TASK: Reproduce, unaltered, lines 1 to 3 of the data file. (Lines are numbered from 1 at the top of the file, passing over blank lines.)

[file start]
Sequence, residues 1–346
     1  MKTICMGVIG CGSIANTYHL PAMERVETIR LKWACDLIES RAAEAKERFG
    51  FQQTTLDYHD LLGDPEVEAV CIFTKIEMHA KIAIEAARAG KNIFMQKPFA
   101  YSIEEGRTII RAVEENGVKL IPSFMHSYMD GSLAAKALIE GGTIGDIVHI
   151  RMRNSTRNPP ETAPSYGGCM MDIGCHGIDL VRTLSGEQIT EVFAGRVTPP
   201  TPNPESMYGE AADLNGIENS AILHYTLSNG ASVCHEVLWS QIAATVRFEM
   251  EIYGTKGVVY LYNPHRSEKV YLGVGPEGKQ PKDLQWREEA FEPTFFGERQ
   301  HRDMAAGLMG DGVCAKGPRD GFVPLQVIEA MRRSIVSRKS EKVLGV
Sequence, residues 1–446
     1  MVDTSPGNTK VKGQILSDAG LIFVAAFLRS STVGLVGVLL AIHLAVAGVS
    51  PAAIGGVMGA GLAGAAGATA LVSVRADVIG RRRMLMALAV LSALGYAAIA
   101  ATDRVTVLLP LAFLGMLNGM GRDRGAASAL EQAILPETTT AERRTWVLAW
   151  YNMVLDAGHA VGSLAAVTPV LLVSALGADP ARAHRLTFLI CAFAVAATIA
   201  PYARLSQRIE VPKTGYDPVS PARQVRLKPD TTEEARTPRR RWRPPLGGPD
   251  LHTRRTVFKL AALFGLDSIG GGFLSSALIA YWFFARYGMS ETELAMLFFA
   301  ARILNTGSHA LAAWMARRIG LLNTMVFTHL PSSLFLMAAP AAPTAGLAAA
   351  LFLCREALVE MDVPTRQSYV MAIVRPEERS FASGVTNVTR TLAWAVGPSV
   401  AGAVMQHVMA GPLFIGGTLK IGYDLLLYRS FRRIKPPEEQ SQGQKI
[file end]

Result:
Sequence, residues 1–346
     1  MKTICMGVIG CGSIANTYHL PAMERVETIR LKWACDLIES RAAEAKERFG
    51  FQQTTLDYHD LLGDPEVEAV CIFTKIEMHA KIAIEAARAG KNIFMQKPFA